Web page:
2. Maree from Melbourne says:

    Thanks Howard for this revelation. I never knew that I was hard on myself until I read this post. It was so natural to be angry with myself for doing something wrong.
    Have to learn to love me, me, me.
    Thanks one more time
    Thanks for welcoming to the blog, Karen

  3. Diane from Wisconsin says:

    Great posts, Howard. I appreciate the reminder.

    What I find difficult is pinpointing the source of my anger. I don’t even know what I am angry about. I’m just angry. Actually, “resentful” might be a better word for the feeling.

    How do I start to address that?

  4. Julie R says:

    Val — You already ARE irresistible — and so is your spunky attitude! Just the attitude we must all have in order to win this fight!

  5. Tery and Werni says:

    Yes, you are right, dear Howard.
    We lost “friends” and didn’t get angry as we now are enjoying the visits of our
    real friends, a small group, but we can count on them!!
    This is a positive effect of PD which showed us the truth of false and real friends.
    But of course we are looking forward to recover as all of us wants it, we already learnt a lot, escpecially from our wonderful supporter Howard!!

  6. Jennifer A says:

    I am the care giver of a lovely woman who has parkinsons – Previously , I worked caring for my aunt , very elderly , with again , Parkinsons . Both of these women were and are bright lights – very precise , balanced and witty – In both of these women’s lives , I noticed that there was a great emotional traumatic event that seemed to bring on the symptoms which had been hovering for years . What I want to say is that yes , that shattering event , even as simple as a broken espresso cup requires a set of new skills , acknowledgement of self determination – and the importance of practicing it . Sometimes, we have to confront or are confronted by a person or situation that has enourmous self determination . In my aunts case , my uncle had that bully ability , and that was ok as long as she was inside his inner circle . But once displaced , she shattered . She often said ‘ I can’t ‘ and he would yell at her about that . I had always admired my aunts precision – but I realize now that you can’t always just be perfect , sometimes you have to push your own agenda , and fight back . The deer in the headlights syndrome seems to have a special affection for very sensitive brightly lit people – As a caregiver , I feel that where I thought my work was to help my patient , I have realized that what they need more than help , is protection to be allowed to function at their sensitive and beautiful level of existence . Yes , sometimes neighbors are bad , and you are left to deal with that as best can be done – new skills must be acquired , becoming tougher , or smarter , or more hardened , or more sharp , but one must grow forwards in life – For me , I do not have parkinson’s – but I do have the inability to defend myself – I know that I need to learn new skills – be they self love , or better management of troublemakers . Thank you for writing this very very honest piece . Thank you for doing the work you do . Jennifer A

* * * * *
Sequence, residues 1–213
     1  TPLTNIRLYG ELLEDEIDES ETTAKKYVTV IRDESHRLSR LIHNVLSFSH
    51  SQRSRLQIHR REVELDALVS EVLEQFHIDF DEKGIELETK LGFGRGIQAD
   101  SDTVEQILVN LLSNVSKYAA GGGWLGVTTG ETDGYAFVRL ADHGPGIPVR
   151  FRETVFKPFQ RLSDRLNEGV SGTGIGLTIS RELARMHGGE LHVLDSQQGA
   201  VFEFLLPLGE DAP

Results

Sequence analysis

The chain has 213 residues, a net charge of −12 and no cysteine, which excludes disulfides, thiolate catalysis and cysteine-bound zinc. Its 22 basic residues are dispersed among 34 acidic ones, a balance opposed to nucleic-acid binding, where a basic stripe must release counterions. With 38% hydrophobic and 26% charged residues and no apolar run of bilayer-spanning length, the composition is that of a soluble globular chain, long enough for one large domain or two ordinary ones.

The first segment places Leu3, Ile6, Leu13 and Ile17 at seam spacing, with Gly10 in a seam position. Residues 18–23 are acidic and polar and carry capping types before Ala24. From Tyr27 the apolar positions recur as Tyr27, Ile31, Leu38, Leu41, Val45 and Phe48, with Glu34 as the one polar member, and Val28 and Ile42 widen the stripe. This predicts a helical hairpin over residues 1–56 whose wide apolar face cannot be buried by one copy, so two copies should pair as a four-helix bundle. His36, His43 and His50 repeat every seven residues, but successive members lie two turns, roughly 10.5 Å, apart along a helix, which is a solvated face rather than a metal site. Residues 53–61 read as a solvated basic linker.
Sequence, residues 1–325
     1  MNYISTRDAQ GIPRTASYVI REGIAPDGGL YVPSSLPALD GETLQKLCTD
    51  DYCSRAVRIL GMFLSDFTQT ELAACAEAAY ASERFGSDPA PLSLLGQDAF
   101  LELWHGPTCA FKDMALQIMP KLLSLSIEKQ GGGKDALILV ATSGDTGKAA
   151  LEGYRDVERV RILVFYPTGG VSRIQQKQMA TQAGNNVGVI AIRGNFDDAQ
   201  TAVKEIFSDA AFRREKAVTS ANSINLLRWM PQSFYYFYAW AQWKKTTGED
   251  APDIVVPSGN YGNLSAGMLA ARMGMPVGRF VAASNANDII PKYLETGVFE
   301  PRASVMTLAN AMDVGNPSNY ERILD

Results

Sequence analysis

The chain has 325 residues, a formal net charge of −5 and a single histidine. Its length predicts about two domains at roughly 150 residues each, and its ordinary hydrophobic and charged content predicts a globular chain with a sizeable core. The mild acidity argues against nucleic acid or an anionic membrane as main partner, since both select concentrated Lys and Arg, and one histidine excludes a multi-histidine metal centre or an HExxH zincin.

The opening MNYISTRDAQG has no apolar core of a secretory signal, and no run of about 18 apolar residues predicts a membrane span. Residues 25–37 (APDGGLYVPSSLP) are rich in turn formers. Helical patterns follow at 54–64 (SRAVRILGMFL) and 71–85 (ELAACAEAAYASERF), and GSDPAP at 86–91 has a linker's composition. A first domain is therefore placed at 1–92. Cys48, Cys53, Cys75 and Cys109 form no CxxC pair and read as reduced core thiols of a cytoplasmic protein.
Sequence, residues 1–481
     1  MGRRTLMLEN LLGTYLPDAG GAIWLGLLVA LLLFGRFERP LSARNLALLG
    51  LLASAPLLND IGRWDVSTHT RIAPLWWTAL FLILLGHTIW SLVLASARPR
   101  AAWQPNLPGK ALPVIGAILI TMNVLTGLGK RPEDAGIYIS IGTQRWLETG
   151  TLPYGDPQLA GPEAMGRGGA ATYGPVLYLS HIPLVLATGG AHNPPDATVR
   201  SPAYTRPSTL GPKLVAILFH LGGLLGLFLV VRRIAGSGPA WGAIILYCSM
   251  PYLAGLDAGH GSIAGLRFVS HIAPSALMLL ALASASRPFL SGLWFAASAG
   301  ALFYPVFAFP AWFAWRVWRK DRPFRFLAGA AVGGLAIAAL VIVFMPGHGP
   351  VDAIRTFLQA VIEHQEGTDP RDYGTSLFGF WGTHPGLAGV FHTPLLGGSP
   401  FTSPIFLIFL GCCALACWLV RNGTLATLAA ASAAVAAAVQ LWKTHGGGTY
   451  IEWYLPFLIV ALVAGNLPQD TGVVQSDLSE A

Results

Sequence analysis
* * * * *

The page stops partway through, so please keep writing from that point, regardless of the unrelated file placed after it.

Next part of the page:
7. Dora says:

    A good reminder for myself. Again, thank you Howard

  8. Henrik D says:

    I have started doing the Recipe in front of our big mirror in the hall. New interesting experience I must say. Suddenly I can see myself as I am when I turn on the light, it is making me shine (on my crazy diamond, borrowed from the famous song). Thank you everyone for this blog!

  9. Dianna S says:

    Thank you Howard. You hit the mark every time.

    Dianna from Wyoming now in Texas.

  10. Paula says:

    I’m giving myself more compassion. I have nerve pain from a pinched nerve in my leg. instead of saying I wish I could chop my leg off, I am giving myself compassion, telling my leg you’re doing the very best job you can and I love you very much. And I continue to believe and practice all aspects of the recipe. Especially the spiritual side. I really enjoyed reading everyone’s comments. Thank you

  11. Rabindar says:

    Thank you Howard for reminding me to be kind, compassionate, and forgiving.